7150 Woodmont Ave., Bethesda; 301-652-9780
“Heart of a diner, style of a brasserie” is the tagline for this upscale spinoff of the Silver Diner chain. In many ways, the Art Deco–style dining room is a dressed-up version of its 13 area siblings. It serves many of the same riffs on nostalgia plates from morning through late night, but with finer table settings, well-made cocktails, and slightly higher prices. As at the diners, many ingredients are local and there’s a nice range of healthy dishes. Classics such as huevos rancheros and luxuriously rich chicken pot pie are made heartier, and more delicious, with an abundance of seasonal vegetables, while burgers pack plenty of grass-fed-beefy flavor (try the Italian-style Mulberry Street, with prosciutto, pesto, and pickled vegetables). The kitchen also succeeds with trendier plates, like crispy Brussels sprouts and Korean tacos. That’s not to say all efforts are rewarding—a crabcake doesn’t need sunflower seeds on top. Still you can eat well at Silver, which is all a classic brasserie—or diner—aspires to. Moderate.
7101 Democracy Blvd., Bethesda; 301-365-8866
Ivan Liang—who owns Bob’s Shanghai 66, one of the best Chinese restaurants in Rockville—rips a sheet from the José Andrés playbook at this storefront in Westfield Montgomery mall’s freshly revamped food court. If you’ve been to Andrés’s Beefsteak in DC, those bottles of Spindrift soda and baskets plunging a rainbow of veggies into boiling water will look mighty familiar. You can customize your own bowl—garlic rice, salad greens, or cool rice noodles provide the base—with an array of sauces (we like the scallion and tangy ginger creations), produce, crunchy add-ons (crisp shallots, crushed peanuts), and dumplings. But the results tend to be messy and heavy. We’d skip straight to the puffy bao—filled with carrot, cabbage, and mushroom or black-pepper beef—or the dumplings, which can be ordered in sets of five or ten. They include milky-white, translucent bundles of shrimp and pan-fried half moons of ground chicken. You can choose a sauce for those, too—garlic-soy all the way. Inexpensive.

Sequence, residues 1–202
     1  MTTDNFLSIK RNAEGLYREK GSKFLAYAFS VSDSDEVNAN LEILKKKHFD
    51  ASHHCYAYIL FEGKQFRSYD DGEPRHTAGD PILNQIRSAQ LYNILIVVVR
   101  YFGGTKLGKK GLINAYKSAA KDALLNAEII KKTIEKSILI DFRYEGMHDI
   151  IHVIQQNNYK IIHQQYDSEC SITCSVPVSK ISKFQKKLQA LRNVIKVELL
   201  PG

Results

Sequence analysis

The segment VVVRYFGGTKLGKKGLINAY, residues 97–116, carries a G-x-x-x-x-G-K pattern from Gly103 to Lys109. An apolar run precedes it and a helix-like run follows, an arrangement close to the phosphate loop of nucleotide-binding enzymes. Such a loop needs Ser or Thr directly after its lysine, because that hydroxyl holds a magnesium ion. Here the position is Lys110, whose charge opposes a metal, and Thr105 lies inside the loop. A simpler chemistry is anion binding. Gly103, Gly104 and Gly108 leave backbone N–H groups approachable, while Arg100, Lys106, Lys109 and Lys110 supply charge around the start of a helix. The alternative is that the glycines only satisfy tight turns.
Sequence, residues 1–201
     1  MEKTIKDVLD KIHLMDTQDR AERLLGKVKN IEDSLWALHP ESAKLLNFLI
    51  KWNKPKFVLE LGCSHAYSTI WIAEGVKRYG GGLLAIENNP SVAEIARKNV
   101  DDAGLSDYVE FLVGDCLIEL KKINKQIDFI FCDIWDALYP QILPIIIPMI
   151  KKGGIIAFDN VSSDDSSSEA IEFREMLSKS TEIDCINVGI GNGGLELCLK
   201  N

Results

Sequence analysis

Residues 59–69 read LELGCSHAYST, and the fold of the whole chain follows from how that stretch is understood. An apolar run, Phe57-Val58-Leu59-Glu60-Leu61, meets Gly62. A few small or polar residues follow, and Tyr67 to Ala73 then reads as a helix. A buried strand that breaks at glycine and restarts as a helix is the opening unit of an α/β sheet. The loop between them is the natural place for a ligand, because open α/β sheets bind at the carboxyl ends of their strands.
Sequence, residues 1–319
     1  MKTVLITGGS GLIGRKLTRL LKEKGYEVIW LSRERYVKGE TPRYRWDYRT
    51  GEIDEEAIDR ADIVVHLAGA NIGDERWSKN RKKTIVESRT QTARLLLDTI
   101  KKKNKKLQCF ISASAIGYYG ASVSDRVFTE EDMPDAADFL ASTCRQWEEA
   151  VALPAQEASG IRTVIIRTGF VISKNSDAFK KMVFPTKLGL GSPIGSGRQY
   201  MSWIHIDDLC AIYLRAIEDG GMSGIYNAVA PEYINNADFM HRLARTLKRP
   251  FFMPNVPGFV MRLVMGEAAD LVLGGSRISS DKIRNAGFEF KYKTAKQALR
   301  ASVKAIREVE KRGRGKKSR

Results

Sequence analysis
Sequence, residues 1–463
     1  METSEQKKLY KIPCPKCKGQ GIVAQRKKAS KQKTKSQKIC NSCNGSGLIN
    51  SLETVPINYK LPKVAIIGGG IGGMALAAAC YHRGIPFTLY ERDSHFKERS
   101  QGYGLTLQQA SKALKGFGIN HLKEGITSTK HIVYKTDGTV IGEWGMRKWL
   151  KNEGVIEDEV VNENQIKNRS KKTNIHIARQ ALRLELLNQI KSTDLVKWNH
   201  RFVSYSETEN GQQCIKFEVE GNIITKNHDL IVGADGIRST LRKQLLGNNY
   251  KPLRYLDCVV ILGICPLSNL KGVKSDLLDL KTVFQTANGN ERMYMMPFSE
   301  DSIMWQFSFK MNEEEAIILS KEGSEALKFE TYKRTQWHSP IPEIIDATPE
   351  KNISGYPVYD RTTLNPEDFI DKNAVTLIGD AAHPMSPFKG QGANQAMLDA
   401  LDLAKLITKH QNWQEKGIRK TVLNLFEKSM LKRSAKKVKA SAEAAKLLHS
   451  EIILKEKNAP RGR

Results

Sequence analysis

7187 Woodmont Ave., Bethesda; 301-358-6116
In 1998, Jeff Tunks lit up the downtown restaurant scene with his seafood-focused DC Coast. That restaurant closed late last year, and while Tunks has wisely ditched its gaudy mermaid statue, his latest arrival has power-boosted Bethesda’s restaurant landscape in similar ways. PassionFish, which has a twin in Reston, sits at the base of a million-dollar-a-unit condo building. Tunks’s longtime deputy, Chris Clime, oversees both kitchens, and the strengths of the Virginia location—an impressive raw bar, impeccable sourcing, and a menu that, for all its eclecticism, gets a lot right—extends here, too. We couldn’t stop munching on a basket of fried Ipswich clams, a plate of Kung Pao–style calamari, and a classic lump-filled crabcake. (The one misfire among the starters: a soggily dressed wedge salad.) Maki are creative—if sometimes overdressed with accoutrements—and snugly rolled. Then there’s the Chinese-smoked lobster, which was the most popular dish at DC Coast. It’s just as terrific here as it was in its late-’90s heyday. Expensive.
This article appears in our March 2016 issue of Washingtonian.